Marine Biology

, Volume 89, Issue 3, pp 257–262 | Cite as

Vertical distribution and nocturnal migration of Nyctiphanes couchi (Crustacea: Euphausiacea) in relation to the summer thermocline in the Celtic Sea

  • R. Williams
  • N. Fragopoulu
Article

Abstract

Vertical distributions and nocturnal migrations of the developmental stages of Nyctiphanes couchi (Bell) in relation to the summer thermocline in the Celtic Sea, 25 to 26 August 1982, have been investigated using the Longhurst-Hardy Plankton Recorder (LHPR). The vertical distributions of the metanauplii and adult females suggest that N. couchi liberates its young within the euphotic zone as mature metanauplii which, in a matter of hours, moult into the first feeding stage (Calyptopis I). The ascent migration by adult females took a maximum of 3 h (17.10 to 20.05 hrs) and had an amplitude of ∼50m (54 to 4 m) from below to above the thermocline. A ∼7C° thermocline occurred between 20 to 30 m in these profiles. The nocturnal migrations by the females were for the purpose of breeding as well as feeding within the euphotic zone and were not influenced by the presence of the thermocline. The majority of the calyptopes and furciliae remained above the thermocline over the sampling period. The post-larval males and females migrated; their vertical distributions showed a pattern similar to those of the adult females. The larger the developmental stage, the deeper was the mode of its vertical distribution. The zooplankton dry weight in the profiles ranged from 3.74 to 6.91 g per haul (=1.85 to 3.45 g C m-2, 0 to 100 m). The euphausiids represented ∼35% of total zooplankton dry weight and their migrations removed a large percentage of the total zooplankton biomass from the euphotic zone for ∼18 h d-1. Such a large displacement of biomass would have a major impact on the biological interactions within the ecosystem.

Preview

Unable to display preview. Download preview PDF.

Unable to display preview. Download preview PDF.

Literature cited

  1. Boden, B. P.: The egg and larval stages of Nyctiphanes simplex, a euphausiid crustacean from California. Proc. zool. Soc. Lond. 121, 515–527 (1951)Google Scholar
  2. Boyd, C. M., M. Heyraud and C. N. Boyd: Feeding of the Antarctic krill Euphausia superba. J. Crustacean Biol. (Lawrence, Kansas) 4 (Spec. No. 1), 123–141 (1984)Google Scholar
  3. Einarsson, H.: Euphausiacea. I. Northern Atlantic species. Dana Rep. 27, 1–185 (1945)Google Scholar
  4. Fronst, W. E.: Observations on the reproduction of Nyctiphanes couchi and Meganyctiphanes norvegica (Sars) off the south coast of Ireland. Proc. R. Ir. Acad. (Ser. B) 40, 194–232 (1932)Google Scholar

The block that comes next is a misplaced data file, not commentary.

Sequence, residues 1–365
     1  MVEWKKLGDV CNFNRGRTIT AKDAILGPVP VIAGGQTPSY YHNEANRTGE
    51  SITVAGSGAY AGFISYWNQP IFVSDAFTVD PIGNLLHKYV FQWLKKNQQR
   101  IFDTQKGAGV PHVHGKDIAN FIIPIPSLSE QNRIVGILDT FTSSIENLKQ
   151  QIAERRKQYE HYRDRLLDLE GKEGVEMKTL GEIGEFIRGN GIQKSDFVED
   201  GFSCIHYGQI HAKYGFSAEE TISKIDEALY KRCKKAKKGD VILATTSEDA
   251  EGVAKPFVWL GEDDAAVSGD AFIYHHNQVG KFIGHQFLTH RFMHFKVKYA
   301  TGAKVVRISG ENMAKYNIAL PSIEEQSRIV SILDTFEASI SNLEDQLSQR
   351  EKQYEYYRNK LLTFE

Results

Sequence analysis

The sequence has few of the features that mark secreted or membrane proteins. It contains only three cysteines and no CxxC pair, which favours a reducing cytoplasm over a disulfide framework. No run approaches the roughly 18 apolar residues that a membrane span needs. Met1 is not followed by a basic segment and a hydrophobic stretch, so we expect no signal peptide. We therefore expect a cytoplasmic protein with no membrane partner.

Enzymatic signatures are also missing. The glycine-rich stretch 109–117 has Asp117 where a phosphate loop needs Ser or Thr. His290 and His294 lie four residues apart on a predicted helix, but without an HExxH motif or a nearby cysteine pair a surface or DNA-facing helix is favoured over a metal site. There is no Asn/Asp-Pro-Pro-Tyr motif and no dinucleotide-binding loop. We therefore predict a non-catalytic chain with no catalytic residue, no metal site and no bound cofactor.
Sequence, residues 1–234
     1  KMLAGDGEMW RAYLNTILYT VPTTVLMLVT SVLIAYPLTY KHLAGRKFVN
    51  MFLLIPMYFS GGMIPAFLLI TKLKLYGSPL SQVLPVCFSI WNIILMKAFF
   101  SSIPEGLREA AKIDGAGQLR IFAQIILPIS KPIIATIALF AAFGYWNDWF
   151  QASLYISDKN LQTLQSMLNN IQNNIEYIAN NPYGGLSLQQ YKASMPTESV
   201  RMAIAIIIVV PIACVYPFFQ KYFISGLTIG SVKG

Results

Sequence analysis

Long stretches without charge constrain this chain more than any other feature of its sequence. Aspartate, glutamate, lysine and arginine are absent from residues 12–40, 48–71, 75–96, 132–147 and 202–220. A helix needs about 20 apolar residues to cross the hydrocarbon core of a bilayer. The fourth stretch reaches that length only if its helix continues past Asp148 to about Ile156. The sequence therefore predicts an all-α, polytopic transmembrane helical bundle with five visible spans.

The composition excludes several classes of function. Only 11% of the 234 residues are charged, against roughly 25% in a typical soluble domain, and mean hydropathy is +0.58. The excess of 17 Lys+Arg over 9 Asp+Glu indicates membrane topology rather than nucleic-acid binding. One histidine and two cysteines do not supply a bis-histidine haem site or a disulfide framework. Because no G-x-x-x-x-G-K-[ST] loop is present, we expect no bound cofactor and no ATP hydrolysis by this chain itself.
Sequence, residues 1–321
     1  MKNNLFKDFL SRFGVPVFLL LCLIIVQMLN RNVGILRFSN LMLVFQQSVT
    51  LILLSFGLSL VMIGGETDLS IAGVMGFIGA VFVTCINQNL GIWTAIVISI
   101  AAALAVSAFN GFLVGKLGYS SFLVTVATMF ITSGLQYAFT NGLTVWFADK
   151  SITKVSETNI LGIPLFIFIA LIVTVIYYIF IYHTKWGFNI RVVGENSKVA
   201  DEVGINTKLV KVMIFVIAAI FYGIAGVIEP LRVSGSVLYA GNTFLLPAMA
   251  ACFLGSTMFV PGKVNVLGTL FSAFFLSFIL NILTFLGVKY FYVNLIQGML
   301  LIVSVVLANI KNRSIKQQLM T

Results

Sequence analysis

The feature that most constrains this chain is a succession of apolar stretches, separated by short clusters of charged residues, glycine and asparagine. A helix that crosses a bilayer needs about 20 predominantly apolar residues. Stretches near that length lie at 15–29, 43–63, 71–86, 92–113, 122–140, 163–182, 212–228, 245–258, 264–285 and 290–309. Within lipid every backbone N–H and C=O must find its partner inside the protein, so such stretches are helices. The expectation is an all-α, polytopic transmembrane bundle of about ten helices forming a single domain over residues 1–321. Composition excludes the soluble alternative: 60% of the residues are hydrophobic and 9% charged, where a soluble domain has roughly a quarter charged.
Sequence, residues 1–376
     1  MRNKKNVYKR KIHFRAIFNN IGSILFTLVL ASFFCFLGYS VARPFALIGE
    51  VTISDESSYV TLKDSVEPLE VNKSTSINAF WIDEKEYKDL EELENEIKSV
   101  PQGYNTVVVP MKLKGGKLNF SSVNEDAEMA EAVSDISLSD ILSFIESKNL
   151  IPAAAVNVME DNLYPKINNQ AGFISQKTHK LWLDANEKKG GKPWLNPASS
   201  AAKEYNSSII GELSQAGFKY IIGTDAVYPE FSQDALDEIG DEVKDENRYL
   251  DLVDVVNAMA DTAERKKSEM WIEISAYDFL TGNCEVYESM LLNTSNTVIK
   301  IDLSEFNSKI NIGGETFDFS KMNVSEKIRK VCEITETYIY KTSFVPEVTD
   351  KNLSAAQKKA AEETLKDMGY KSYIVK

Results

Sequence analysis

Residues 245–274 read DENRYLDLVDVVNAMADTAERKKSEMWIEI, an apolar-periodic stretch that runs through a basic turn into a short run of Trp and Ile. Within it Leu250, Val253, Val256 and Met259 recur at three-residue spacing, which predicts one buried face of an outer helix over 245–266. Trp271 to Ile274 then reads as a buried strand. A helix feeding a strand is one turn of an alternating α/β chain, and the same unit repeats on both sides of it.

5. Glover, R. S.: The continuous plankton recorder survey of the North Atlantic. Symp. zool. Soc. Lond. 19, 189–210 (1967)Google Scholar
  6. Hickling, C. F.: Notes on euphausiids. J. mar. biol. Ass. U.K. 13, 735–745 (1925)Google Scholar
  7. Joint, I. R. and R. K. Pipe: An electron microscope study of a natural population of picoplankton from the Celtic Sea. Mar. Ecol. Prog. Ser. 20, 113–118 (1984)Google Scholar
  8. Joint, I. R. and A. J. Pomroy: Production of picoplankton and small nanoplankton in the Celtic Sea. Mar. Biol. 77, 19–27 (1983)Google Scholar
  9. Joint, I. R. and R. Williams: Demands of the herbivore community on phytoplankton production in the Celtic Sea in August. Mar. Biol. 87, 297–306 (1985)Google Scholar
  10. Lasker, R.: Feeding, growth, respiration and carbon utilisation of a euphausiid crustacean. J. Fish. Res. Bd Can. 23, 1291–1317 (1966)Google Scholar
  11. Lebour, M. V.: The Euphausiidae in the neighbourhood of Plymouth and their importance as herring food. J. mar. biol. Ass. U.K. 13, 402–431 (1924)Google Scholar
  12. Lindley, J. A.: Continuous plankton records: the distribution of the Euphausiacea (Crustacea: Malacostraca) in the north Atlantic and North Sea, 1966–67. J. Biogeogr. 4, 121–123 (1977)Google Scholar
  13. Lindley, J. A.: Continuous plankton records: geographical variations in numerical abundance, biomass and production of euphausiids in the North Atlantic Ocean and the North Sea. Mar. Biol. 71, 7–10 (1982)Google Scholar
  14. Mauchline, J. and L. R. Fisher: The biology of euphausiids. Adv. mar. Biol. 7, 1–454 (1969)Google Scholar
  15. Morris, D. J.: Filtration rates of Euphausia superba Dana: under and overestimates. J. Crustacean Biol. (Lawrence, Kansas) 4 (Spec. No. 1), 185–197 (1984)Google Scholar
  16. Nicol, S.: Cod end feeding by the euphausiid Meganyctiphanes norvegica. Mar. Biol. 80, 29–33 (1984)Google Scholar
  17. Russell, F. S.: The vertical distribution of marine macroplankton. IV. Further observations on diurnal changes. J. mar. biol. Ass. U.K. 51, 81–103 (1928)Google Scholar
  18. Williams, R.: Vertical distribution of Calanus finmarchicus and C. helgolandicus in relation to the development of the seasonal thermocline in the Celtic Sea. Mar. Biol. 86, 145–149 (1985)Google Scholar
  19. Williams, R., N. R. Collins and D. V. P. Conway: The double LHPR system, a high speed micro- and macroplankton sampler. Deep-Sea Res. 30, 331–342 (1983)Google Scholar
  20. Williams, R. and D. B. Robins: Effects of preservation on wet weight, dry weight, nitrogen and carbon contents of Calanus helgolandicus (Crustacea: Copepoda). Mar. Biol. 71, 271–281 (1982)Google Scholar

Copyright information

© Springer-Verlag 1985

Authors and Affiliations

  • R. Williams
    • 1
  • N. Fragopoulu
    • 2
  1. 1.Institute for Marine Environmental ResearchNatural Environment Research CouncilPlymouthEngland
  2. 2.Department of Biology, Section of Animal Biology, Zoology LaboratoryUniversity of PatrasPatrasGreece

Personalised recommendations